Consider the following problem:
If -5 ≤ x ≤ 4, and f(x) = 2x2 - 3, how many integer values are possible for f(x)?
One can simply view this as a more challenging question to pose to your honors/accelerated students, but, for me, it's an opportunity for all your students to think more deeply about important concepts. I feel strongly that our role here is to ask the key questions which will guide them toward understanding the "big ideas" underlying this problem. In fact, we can turn this question into an extended activity: 15-20 minutes).
Here is one idea for creating the environment currently being recommended. Please keep an open mind before concluding that there is simply not enough time for these explorations...
WITH YOUR LEARNING PARTNER(S):
1. Sketch the graph of the function on the given domain from recognition of quadratic functions and by making an x-y table with 4-5 points. WRITE YOUR INFERENCES FROM THIS. For example, from the sketch we believe that the greatest y-value on this domain is ___.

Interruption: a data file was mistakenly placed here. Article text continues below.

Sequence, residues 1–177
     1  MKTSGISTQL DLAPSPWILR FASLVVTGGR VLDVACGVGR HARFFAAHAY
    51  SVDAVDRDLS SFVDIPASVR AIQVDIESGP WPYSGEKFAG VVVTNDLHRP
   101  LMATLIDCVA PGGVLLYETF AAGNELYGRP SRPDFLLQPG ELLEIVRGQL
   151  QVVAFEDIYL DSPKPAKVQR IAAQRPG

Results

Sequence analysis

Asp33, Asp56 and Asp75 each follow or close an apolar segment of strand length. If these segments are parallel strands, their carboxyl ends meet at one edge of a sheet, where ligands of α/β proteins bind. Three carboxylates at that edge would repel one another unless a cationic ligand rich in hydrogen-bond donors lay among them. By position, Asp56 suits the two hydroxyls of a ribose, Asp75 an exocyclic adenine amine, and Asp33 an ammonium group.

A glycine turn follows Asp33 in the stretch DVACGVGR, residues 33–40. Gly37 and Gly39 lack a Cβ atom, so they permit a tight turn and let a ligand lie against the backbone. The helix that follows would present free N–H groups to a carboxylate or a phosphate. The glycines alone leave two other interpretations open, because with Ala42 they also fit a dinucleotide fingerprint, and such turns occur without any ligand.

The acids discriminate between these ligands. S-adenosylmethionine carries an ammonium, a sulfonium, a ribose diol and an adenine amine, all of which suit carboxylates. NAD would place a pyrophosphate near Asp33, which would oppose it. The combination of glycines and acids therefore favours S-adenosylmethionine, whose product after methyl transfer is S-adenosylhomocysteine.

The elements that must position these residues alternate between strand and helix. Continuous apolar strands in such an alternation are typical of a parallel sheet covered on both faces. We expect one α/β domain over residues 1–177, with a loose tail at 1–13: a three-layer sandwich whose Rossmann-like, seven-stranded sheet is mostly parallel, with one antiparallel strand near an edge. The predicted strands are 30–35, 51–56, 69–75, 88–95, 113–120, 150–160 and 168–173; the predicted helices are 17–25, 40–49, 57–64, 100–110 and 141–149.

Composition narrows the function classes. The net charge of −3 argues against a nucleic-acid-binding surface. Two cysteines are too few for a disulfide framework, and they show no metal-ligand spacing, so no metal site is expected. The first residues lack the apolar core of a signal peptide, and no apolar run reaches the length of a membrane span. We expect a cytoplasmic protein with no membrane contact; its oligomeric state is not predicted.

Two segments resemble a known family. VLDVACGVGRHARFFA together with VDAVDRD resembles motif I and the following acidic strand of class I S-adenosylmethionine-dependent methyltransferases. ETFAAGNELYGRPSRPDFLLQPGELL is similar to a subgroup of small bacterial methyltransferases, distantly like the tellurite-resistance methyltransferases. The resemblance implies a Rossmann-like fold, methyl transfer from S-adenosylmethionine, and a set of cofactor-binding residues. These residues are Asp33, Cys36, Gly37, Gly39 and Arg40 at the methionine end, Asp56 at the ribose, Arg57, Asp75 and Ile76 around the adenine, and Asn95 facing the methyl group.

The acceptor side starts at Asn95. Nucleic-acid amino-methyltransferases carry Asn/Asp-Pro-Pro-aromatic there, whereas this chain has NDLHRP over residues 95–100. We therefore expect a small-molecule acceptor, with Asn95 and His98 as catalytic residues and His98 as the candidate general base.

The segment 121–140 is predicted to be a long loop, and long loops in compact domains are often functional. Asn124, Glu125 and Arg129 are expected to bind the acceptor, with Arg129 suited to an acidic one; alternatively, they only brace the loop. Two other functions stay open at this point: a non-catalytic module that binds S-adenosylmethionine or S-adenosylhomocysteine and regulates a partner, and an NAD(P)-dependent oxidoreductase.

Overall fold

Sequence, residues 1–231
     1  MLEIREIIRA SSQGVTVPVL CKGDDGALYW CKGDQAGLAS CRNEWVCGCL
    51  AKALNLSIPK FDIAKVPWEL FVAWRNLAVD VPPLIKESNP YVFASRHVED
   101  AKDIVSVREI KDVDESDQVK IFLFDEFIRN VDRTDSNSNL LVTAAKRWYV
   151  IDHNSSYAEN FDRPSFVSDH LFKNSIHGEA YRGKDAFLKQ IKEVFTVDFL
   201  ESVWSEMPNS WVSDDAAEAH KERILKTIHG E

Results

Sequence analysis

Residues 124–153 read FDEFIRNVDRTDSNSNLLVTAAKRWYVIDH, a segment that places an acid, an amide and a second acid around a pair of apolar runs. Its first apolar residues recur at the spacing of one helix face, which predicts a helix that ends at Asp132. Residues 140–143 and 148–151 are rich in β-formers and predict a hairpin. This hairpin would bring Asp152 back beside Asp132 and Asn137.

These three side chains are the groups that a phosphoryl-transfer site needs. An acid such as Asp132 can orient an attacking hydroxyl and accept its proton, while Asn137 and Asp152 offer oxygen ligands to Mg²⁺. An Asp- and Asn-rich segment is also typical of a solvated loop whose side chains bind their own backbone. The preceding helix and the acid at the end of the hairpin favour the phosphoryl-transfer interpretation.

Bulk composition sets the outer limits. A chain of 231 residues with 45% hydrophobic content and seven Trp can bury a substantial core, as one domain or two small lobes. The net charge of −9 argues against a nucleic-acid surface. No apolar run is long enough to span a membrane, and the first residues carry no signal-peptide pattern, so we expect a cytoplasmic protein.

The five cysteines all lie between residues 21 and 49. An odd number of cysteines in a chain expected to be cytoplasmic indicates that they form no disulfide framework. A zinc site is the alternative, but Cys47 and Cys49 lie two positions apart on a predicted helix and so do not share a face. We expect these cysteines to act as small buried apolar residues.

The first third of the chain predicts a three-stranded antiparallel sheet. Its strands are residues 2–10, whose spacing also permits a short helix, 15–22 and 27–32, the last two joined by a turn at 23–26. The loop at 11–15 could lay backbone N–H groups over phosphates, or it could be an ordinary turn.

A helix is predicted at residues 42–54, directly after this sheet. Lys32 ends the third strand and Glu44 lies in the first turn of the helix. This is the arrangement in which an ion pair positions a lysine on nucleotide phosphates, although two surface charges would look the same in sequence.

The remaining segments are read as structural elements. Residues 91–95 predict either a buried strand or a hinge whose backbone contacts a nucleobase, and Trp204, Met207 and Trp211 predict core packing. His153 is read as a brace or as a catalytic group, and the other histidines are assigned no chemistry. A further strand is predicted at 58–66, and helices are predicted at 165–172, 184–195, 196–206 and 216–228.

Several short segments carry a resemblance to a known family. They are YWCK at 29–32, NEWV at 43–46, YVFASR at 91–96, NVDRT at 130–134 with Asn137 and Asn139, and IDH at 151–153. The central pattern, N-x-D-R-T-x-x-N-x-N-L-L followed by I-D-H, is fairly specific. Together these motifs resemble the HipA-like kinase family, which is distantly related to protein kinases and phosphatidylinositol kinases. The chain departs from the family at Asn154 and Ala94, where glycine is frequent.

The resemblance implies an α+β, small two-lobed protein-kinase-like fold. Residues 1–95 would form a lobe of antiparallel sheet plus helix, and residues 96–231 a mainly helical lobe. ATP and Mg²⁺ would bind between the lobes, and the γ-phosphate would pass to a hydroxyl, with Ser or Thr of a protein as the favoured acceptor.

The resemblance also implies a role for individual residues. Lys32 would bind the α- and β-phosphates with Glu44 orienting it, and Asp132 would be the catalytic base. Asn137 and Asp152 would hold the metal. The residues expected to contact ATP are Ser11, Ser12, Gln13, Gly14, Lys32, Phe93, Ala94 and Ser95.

WRITE your conjecture for the answer to the problem: ____
2. Using the TABLE feature of your graphing calculator, with TblStart = -5 and ΔTbl = 1, display the Table. Now turn TRACE on and analyze the graph on this domain. Does this alter or confirm your conjecture from Step 1? YES NO
3. The following statement is plausible but FALSE.
The domain consists of 10 integer values. Therefore there are also 10 integer values for f(x), so the answer is 10.
Explain why this is wrong. There is more than one error!
4. The correct answer is 51. Depending on the class, a few, if not several, students should be able to come up with the correct answer and provide a thorough explanation.
5. Group Discussion:
- Ask students how they might have approached this question if it appeared on a standardized test? Plug in x-values? Use the graphing calculator? Guess? Skip it?
- Ask the group what made this questionable formidable for some students? How important was understanding what was asked for?
- Review one successful approach to solving the problem by calling on individual students to give the "next" step.
NOTE: This problem also presents a highly teachable moment for students to see an application of the Intermediate Value Theorem in Precalculus (or more intuitively in Algebra 2). Help them make the connection! Is this easy for us to do?
"All Truth passes through Three Stages: First, it is Ridiculed... Second, it is Violently Opposed... Third, it is Accepted as being Self-Evident." - Arthur Schopenhauer (1778-1860)
You've got to be taught To hate and fear, You've got to be taught From year to year, It's got to be drummed In your dear little ear You've got to be carefully taught. --from South Pacific